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Tata Power is planning to raise up to Rs. 7,000 crore via non-convertible debentures (NCD)/bonds on a private placement basis for one year. This, among other businesses, including appointment of six new directors, was considered at its 98th annual general meeting held in Mumbai on Wednesday.
Addressing the company’s AGM, Tata Group Chairman N Chandrasekaran named three key priorities for the company: to solve issues at Tata Power’s Mundra plant in Gujarat, reduce the company’s high debt, and simplify the corporate structure.
The steep rise in global coal prices impacted the performance of Coastal Gujarat Power Ltd (CGPL), the holding company for Tata’s 4,000 MW Mundra plant. The company has been making multiple attempts to rescue this project after a Supreme Court ruling in April disallowed it to charge higher power tariff by citing a change in Indonesia’s regulations that increased the price of coal. That effectively rendered operations at Mundra unviable.
“The company approached all courts of appeal and continues to explore viable options to address the issues by continuous engagement with the power procurers and financial institutions,” Chandrasekaran said.
In June, Tata Power had written to the government proposing to sell 51 per cent equity of the ailing asset for a nominal Rs. 1.
A decision on that is still awaited; according to industry watchers, such a move will require co-ordination with the regulator, state distribution companies and lenders. Meanwhile, the Coastal Gujarat Power Ltd’s (CGPL) losses continue to widen. In the first quarter, it recorded an incremental Ebitda loss of Rs. 296 crore.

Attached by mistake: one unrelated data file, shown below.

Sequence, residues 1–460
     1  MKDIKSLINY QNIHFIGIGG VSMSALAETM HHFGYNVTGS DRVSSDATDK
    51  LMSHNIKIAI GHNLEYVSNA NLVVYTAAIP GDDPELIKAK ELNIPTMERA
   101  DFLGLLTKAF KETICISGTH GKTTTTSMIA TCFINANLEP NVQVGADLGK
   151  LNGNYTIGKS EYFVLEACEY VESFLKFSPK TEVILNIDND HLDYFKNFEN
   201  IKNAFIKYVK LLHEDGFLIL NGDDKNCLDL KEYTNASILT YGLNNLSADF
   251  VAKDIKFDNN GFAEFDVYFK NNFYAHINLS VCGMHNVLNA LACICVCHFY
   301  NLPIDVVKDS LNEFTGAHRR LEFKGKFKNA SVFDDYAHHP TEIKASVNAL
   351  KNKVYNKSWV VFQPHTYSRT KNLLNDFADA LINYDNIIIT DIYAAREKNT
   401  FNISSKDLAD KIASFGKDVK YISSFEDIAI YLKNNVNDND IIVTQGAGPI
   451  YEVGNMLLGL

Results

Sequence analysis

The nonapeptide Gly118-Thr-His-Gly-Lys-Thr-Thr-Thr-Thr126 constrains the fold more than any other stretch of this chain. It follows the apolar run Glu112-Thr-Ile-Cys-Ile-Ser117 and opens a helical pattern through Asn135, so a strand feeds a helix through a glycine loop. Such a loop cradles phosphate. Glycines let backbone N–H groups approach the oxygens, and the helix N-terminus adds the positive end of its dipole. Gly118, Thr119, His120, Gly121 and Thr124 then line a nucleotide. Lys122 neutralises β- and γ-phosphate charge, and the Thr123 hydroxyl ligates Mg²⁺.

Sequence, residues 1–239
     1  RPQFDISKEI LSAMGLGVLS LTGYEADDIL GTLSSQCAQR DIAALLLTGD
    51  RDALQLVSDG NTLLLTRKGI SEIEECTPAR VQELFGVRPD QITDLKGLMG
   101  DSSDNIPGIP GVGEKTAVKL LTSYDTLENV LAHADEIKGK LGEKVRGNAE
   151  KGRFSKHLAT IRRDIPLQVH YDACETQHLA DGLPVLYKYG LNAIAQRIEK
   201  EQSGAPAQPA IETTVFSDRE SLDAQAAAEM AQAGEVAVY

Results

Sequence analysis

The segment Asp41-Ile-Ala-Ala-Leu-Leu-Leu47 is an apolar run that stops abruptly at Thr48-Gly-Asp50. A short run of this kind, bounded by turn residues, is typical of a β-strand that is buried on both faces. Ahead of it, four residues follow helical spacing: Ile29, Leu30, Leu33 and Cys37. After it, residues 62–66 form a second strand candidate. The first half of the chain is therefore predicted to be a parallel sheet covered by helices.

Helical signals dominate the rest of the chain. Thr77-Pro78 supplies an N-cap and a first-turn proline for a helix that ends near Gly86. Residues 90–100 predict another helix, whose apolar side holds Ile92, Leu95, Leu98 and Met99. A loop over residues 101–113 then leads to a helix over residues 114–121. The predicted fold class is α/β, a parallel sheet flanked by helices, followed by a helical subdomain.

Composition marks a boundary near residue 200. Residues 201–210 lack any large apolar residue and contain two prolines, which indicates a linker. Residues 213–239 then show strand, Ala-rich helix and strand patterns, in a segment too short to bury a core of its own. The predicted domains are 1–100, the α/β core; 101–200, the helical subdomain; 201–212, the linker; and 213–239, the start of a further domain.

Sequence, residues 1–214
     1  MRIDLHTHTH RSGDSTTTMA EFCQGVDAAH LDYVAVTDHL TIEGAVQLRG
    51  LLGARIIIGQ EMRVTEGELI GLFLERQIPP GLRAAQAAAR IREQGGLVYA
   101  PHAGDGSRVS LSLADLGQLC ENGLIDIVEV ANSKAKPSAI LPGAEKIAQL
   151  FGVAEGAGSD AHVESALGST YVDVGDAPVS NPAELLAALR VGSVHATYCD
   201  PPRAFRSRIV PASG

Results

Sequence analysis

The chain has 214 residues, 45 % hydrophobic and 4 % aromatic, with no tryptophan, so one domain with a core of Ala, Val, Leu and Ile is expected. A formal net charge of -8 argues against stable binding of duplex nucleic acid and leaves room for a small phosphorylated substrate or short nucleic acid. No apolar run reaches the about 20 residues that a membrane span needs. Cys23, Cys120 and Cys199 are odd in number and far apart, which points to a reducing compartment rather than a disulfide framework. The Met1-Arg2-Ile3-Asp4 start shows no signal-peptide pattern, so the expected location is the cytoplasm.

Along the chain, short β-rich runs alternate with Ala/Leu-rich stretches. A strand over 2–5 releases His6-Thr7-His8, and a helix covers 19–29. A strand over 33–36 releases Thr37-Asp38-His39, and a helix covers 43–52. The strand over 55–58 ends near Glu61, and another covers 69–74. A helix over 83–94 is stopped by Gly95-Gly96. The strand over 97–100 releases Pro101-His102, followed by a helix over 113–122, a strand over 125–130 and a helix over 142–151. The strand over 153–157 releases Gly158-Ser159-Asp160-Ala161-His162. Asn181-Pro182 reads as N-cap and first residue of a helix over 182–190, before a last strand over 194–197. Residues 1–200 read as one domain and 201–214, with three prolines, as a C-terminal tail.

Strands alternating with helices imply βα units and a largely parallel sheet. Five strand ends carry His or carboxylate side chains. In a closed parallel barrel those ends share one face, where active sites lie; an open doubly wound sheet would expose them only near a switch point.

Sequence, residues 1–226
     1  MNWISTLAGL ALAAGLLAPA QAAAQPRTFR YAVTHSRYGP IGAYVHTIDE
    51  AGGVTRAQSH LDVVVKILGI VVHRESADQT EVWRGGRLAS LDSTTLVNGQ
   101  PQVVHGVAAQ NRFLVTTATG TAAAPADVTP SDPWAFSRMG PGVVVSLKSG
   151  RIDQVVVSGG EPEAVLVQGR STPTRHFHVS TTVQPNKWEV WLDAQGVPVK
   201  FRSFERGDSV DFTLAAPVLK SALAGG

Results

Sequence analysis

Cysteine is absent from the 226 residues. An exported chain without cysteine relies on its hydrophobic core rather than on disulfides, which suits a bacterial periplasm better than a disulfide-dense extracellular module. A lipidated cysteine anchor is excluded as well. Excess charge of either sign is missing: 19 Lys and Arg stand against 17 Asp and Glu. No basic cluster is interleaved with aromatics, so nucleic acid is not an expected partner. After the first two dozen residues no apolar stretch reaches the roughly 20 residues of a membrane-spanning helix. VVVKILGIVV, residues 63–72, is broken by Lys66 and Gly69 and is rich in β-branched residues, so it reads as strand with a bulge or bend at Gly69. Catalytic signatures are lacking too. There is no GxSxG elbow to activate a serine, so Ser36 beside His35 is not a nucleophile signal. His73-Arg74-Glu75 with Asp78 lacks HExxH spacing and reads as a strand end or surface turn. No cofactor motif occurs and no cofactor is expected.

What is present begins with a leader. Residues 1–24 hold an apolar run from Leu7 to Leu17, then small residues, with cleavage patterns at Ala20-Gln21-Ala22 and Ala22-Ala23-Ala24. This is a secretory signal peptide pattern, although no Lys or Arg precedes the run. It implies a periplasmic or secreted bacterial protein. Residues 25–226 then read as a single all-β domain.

High debt levels have long been an issue for the company and, according to the Group’s Chairman, the company is examining various debt reduction options, including sale of non-core assets. With gross debt at Rs. 48,816 crore, Tata Power accounts for 16-20 per cent of the Tata Group’s net debt.
Credit Suisse analysts, in their recent report, note that although Tata Power’s revenue and profits have been increasing steadily for the past couple of years, its net debt/EBITDA remains high. For other flagship companies such as Tata Steel and Tata Motors, the leverage is at a comfortable level (4.3x and 1.4x, respectively, in FY-17); Tata Power, on the other hand, has witnessed an increase in leverage (from 5x in FY-16 to 8x in FY-17), analysts say.
Another priority for the company, which currently has more than 90 subsidiaries and associate companies, will be to simplify the corporate structure. “The company is working on a plan to simplify the corporate structure where feasible,” Chandrasekaran noted.
Tata Power currently has a total operating capacity of 10,463 MW, of which 98 per cent is tied up in long-term PPAs. The company has set a target of making 30-40 per cent of its generation capacity non-fossil based (its clean energy portfolio is now at 3,141 MW, out of which renewable business capacity is at 2,000 MW).
According to the company’s annual report, Tata Power’s renewable energy arm, Tata Power Renewable Energy Ltd, is in the process of implementing projects for nearly 326 MW of renewable power at various locations on a greenfield basis.
At the same time, a 1,600-MW coastal Maharashtra project at Dehrand, a coal-based project proposed years back, keeps figuring as another “potential growth area” in the company’s annual reports since 2011, including the latest one.
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